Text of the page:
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Western Australia could lose exploration incentive on gold royalty hike block

Greenhouse gas and gold mines Nearly 1 ton of CO2 emitted per ounce of gold produced in 2019

Essential Metals & Mining Insights - September 2020

Essential Metals & Mining Insights - August 2020

State of the Market: Mining Q2-2020


Western Australia could lose exploration incentive on gold royalty hike block

Western Australia's Exploration Incentive Scheme may be on the chopping block after the opposition blocked the Labor government's plan to hike the royalty rate levied on the gold industry.

The government recently announced that it planned to continue the EIS, committing funding of A$10 million in the 2018 and 2019 financial years.

The co-funded program offers juniors up to a 50% refund for exploration drilling and has supported more than 560,000 meters of drilling and contributed to at least 25 new discoveries, including Independence Group NL's Nova nickel mine.

However, the Western Australian government is now looking at all its options, including potentially axing the EIS, after the Liberal Party voted against the increase of the gold royalty rate, which would have generated about A$400 million in additional revenue to help patch the state's budget.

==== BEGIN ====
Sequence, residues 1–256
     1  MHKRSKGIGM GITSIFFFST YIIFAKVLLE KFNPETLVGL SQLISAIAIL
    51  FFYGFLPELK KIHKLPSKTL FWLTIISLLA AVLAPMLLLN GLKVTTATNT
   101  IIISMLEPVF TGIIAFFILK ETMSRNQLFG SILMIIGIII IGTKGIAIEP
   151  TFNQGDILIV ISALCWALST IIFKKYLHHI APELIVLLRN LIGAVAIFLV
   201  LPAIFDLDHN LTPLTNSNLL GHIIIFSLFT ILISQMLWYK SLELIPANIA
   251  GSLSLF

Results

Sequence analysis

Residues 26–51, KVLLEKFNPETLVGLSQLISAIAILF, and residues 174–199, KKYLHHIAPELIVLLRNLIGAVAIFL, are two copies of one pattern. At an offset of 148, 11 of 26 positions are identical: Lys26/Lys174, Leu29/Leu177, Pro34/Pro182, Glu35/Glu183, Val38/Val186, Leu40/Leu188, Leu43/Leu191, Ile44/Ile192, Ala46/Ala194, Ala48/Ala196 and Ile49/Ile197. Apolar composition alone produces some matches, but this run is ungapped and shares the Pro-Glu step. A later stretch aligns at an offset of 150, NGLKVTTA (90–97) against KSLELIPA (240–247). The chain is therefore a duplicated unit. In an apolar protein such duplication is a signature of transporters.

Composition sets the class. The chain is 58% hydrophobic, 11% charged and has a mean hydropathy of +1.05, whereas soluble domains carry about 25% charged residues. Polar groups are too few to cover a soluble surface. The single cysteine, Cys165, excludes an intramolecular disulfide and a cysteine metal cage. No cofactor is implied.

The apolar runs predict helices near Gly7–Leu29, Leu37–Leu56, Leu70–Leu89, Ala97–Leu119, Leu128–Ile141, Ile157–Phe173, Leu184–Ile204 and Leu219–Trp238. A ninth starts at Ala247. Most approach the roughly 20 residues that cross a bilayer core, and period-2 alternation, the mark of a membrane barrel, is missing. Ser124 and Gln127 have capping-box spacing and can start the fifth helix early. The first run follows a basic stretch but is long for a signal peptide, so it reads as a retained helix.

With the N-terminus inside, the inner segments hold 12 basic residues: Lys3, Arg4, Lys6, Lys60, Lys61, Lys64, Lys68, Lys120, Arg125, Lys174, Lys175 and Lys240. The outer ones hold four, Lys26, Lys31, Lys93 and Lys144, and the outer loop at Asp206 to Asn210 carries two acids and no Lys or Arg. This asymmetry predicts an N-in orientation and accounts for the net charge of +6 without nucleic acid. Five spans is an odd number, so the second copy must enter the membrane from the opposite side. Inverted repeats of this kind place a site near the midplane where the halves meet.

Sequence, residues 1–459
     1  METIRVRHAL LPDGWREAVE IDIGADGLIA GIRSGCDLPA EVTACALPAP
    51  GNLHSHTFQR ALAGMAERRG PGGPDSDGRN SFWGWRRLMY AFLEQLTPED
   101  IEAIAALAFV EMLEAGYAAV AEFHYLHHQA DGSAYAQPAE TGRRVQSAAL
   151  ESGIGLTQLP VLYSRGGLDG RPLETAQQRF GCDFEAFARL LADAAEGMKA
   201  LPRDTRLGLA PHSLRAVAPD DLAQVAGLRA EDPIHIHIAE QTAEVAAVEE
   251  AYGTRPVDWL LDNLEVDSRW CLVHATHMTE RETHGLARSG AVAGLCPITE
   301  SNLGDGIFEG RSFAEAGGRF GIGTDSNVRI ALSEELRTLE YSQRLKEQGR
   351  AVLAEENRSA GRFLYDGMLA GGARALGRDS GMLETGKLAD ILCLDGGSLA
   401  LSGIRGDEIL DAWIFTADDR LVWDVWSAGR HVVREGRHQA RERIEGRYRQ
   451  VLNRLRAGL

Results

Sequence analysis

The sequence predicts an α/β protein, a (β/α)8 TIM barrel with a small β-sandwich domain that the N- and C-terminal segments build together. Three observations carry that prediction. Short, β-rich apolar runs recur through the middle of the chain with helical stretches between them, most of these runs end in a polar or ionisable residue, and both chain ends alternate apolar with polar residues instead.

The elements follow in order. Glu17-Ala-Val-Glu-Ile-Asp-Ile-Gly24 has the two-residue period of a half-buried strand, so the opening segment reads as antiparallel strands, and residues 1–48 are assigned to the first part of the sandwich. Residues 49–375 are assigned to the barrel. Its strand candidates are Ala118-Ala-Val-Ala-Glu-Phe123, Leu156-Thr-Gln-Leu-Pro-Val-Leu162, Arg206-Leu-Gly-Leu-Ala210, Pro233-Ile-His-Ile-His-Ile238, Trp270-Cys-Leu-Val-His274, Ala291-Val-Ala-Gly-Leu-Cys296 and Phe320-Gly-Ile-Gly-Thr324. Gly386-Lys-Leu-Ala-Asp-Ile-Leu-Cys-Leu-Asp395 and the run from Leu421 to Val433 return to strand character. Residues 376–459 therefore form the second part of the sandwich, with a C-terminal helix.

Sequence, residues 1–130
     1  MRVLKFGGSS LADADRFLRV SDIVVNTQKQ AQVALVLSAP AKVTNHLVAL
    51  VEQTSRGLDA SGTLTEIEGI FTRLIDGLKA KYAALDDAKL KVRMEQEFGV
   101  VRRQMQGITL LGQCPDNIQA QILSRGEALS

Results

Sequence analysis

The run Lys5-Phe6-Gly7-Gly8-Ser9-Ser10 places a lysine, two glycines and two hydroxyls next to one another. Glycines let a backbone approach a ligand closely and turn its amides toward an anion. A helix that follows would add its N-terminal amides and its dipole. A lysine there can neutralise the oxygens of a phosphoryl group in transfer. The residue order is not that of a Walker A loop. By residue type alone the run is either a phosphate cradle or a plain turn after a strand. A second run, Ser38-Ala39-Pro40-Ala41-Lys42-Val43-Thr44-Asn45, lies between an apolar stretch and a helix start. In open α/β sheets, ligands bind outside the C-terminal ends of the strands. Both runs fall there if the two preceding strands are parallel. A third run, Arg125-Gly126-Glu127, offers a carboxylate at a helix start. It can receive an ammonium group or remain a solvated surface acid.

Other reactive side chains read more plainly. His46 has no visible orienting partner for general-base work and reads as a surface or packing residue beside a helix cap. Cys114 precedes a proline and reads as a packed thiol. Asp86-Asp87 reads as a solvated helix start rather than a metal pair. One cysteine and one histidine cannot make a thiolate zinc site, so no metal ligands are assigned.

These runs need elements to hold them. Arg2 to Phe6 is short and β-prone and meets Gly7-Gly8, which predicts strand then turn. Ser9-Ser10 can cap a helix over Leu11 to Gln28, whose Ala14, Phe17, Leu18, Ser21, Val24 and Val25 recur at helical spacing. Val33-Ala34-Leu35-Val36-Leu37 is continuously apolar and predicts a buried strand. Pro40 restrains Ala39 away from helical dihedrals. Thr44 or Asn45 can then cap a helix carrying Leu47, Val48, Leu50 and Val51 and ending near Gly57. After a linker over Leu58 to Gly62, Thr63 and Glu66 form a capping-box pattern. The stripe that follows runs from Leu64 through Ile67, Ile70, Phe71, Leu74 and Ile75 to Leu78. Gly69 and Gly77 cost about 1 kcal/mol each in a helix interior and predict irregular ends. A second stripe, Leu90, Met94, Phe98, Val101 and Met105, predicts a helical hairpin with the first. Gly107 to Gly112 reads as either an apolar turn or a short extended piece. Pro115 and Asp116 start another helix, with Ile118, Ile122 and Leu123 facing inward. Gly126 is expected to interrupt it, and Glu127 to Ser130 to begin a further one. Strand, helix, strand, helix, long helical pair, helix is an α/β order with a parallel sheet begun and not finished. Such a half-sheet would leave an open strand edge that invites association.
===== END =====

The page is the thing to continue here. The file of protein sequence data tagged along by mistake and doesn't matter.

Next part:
"The government will have to look at all expenditure and work out how we can make up the shortfall of A$400 million over four years that was taken out of the budget by the decision of the Liberal party to not face the fact that they ruined the finances of Western Australia," Mines Minister Bill Johnston told reporters Oct. 17 on the sidelines of the Australian Nickel Conference in Perth.

"I'm not saying the EIS will necessarily be cut, but I'm saying that clearly we have to come to terms with that … loss of revenue."

The Liberal Party is also trying to block the proposed five-year payroll tax that would be levied on major corporates from July 1, 2018, and generate an additional A$435 million in revenue.

Employers with Australia-wide payrolls between A$100 million and A$1.5 billion would be taxed at a rate of 6%, while those with a payroll exceeding A$1.5 billion will be taxed at a rate of 6.5%. According to Johnston, the move would impact just 1% of companies in Western Australia.

The minister said the government has to try and overcome A$5 billion worth of revenue write-downs, but is still a long way from filling the gap.

"We haven't quite got to the A$5 billion yet … I think it's A$600 million over four years we haven't been able to find yet," he said.

"We'll have to see how we can respond. We will have to go through and have a look because we can't allow the state's finances to get in a mess. [Treasurer] Ben Wyatt's budget set the foundations for improvement in this state, unfortunately the Liberal party from the grave are trying to wreck the finances like they did when they were in government."